Novalis wrote:From the sounds of it I really have to read Nochimson's Swerves. I got a lot out of her Passion of David Lynch.whoisalhedges wrote:Agreed.Novalis wrote:I'm the kind of person who considers Glitch Art beautiful, so for me these faults, bugs and defects, whether motivated or unmotivated, are absolutely significant. I recognise of course they may be entirely inconsequential to the plot, but the plot is hardly ever what has held my attention with Twin Peaks, or indeed most of Lynch's work. I'm certainly not hooked into the idea that everything has to mean something. I love Asemic Writing for example; here it's the opacity of the form, the fact that it doesn't transparently communicate anything but brings the materiality of the signifier as such to the foreground. A lot of Lynch's devices do the same, especially his experiments in sound design.
When it comes to the "glitches" in TPTR (and TSHOTP, but that does have to be considered slightly differently at least, as Lynch was uninvolved) I think there are three kinds, and they are ALL present:
1) evidence of "something" going on in-universe, particularly in Twin Peaks itself
2) an artistic choice made by Lynch (and/or Frost)
I think there have been some mistakes. Miriam's last name on the letter? The crew said that was a prop error. Serendipitously, it worked - but we were told it was a mistake. I'm sure there have been others.
When it comes to #1, actual temporal anomalies, my thoughts are very close to this article: https://25yearslatersite.com/2017/07/19 ... rt-jacoby/ I don't think what we're looking at is some kind of Star Trek/P.K. Dick alternate timelines, I just think it's these little "timequakes" for lack of a better word.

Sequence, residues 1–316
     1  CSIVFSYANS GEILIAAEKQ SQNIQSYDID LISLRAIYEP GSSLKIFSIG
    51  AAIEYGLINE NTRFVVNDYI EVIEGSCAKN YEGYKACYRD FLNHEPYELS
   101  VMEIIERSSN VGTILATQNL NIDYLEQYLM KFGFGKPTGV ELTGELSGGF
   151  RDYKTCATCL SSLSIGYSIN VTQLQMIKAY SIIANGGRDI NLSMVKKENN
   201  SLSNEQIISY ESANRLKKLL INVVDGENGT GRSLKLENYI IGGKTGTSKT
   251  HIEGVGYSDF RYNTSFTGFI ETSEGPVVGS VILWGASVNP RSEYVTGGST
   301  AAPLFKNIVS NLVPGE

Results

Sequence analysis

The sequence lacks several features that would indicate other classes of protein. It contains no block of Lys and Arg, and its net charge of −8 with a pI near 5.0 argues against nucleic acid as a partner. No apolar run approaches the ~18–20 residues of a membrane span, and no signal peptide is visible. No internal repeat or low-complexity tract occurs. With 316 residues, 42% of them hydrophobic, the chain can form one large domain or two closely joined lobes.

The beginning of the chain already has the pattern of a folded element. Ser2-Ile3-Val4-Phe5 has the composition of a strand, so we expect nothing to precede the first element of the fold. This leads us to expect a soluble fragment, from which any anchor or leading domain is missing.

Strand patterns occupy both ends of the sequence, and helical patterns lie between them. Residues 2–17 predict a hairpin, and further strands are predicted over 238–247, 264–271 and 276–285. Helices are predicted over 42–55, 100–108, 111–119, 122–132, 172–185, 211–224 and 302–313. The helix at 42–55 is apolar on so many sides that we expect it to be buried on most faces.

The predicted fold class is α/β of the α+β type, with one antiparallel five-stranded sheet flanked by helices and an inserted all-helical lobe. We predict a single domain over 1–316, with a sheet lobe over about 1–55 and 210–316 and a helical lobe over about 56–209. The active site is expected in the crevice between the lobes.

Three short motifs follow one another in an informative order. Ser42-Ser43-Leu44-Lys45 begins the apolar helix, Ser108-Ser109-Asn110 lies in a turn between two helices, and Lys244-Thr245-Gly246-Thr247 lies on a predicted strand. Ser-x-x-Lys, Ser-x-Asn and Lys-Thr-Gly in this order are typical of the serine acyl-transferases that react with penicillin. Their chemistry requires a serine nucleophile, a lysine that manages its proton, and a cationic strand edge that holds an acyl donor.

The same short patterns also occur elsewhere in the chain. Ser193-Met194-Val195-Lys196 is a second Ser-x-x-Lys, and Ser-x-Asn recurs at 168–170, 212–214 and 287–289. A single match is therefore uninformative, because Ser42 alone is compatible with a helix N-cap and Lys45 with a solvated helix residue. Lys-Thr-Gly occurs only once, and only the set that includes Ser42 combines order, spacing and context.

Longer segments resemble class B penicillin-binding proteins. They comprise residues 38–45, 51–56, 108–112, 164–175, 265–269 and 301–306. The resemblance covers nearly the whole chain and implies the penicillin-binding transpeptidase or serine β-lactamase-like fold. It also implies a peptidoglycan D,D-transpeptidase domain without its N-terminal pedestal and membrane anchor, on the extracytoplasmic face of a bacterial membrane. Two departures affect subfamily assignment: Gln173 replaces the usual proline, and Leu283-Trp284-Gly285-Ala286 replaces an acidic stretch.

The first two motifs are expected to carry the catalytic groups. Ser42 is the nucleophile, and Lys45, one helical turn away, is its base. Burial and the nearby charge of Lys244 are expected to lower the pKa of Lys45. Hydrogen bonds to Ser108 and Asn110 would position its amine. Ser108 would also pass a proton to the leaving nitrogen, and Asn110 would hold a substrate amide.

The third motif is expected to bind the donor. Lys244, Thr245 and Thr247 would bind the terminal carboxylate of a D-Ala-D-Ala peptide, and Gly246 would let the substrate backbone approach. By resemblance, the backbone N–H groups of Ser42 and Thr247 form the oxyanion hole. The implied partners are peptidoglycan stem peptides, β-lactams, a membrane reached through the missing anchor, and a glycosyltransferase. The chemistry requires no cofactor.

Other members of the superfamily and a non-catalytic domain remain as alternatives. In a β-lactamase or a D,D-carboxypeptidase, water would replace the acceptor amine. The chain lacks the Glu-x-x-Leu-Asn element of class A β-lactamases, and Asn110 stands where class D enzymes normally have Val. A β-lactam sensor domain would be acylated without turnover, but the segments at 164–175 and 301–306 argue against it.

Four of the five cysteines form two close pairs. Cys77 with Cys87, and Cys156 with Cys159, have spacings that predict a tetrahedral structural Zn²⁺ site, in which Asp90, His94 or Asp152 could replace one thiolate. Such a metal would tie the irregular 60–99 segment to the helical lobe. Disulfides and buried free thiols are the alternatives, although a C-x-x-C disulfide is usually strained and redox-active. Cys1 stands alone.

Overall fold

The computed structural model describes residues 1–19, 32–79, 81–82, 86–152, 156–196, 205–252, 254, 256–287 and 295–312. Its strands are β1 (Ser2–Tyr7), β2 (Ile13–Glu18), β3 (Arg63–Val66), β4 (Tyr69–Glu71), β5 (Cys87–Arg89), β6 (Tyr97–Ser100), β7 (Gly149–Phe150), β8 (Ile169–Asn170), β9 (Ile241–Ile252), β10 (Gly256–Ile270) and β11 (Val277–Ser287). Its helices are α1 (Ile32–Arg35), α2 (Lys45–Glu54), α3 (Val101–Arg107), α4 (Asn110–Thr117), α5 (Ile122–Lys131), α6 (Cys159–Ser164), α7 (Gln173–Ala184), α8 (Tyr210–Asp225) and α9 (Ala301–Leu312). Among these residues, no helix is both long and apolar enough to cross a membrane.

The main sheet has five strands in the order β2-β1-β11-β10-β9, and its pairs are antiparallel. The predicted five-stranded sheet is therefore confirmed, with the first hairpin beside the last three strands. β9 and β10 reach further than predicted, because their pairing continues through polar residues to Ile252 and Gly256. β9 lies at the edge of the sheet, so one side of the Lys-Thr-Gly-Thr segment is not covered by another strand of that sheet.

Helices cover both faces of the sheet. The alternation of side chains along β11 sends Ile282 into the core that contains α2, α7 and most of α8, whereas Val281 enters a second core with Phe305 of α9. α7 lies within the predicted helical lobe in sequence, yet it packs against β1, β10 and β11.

And with artistic decisions, often made in editing: I don't think Diane wearing green while putting coordinates into the phone, "Dougie" having a catch with Sonny Jim (who is wearing the same outfit he wore in Part 5), Bobby finding something from the Major "today," or perhaps most controversially Hawk's going to Glastonbury Grove in Part 2, are instances of time jumping forward and back. I think those scenes were placed where they are during Lynch's editing his "18 hour movie" into 18 parts, into television "episodes." I think he made these choices for thematic, emotional, dramatic reasons. Sometimes (especially with Lynch) the medium is the message; he often structures his films for a very specific reason - and that reason is intuitive, not plot-dependent.
I'm not the most eagle-eyed viewer. I didn't catch ANY of the wardrobe "malfunctions." I didn't catch Ed's reflection until it was shown to me. But I've still seen a LOT of things being shown "out of order."
TIME as it's traditionally understood isn't the only thing we're dealing with here, either. I'm still in the camp (I might be the only person who thinks this, in fact ) that in the past 2 parts we've seen "Schrödinger's Audrey" - nobody in Twin Peaks has seen her. The only character we see interacting with Audrey is Charlie. So, as far as I'm concerned, she is unobserved; and as such, she both woke up from her coma and did not. I'm FAR from the only person to look at Lynch with a wink toward quantum mechanics; Martha Nochimson wrote a whole book about it. But I am the only person I know to consider Audrey Horne in TPTR to be in an unobserved, and thus simultaneously dead and alive state. How that's gonna break down, I haven't the faintest. But until she talks to someone whom we have EVER seen outside that room, her reality in unobserved.
It's really interesting, this Schrödinger's Audrey scenario. I chose 'other' in the Audrey's Situation poll because I couldn't make my mind up whether she was dead or alive, comatose or awake, delusional or sane. It never struck me as a possibility before, but now that you've mentioned it, maybe she simply is under-determined, i.e. in an unresolved superposition.
I also smile to myself that Charlie threatening to end her story 'too' plays a lot like a Romantic-Irony Lynch insert, reflexively referencing the way a lot of other secondary characters have had to be axed in this season. Ludwig Tieck eat your heart out.
Robert Jacoby in TSHOTP is something deeper than a parallel timeline. The multiverse coexisting with this one seems like the best explanation. For anyone who says TSHOTP is just retconning the storyline to taste neglects the very obvious two deaths. No one writes that badly intentionally.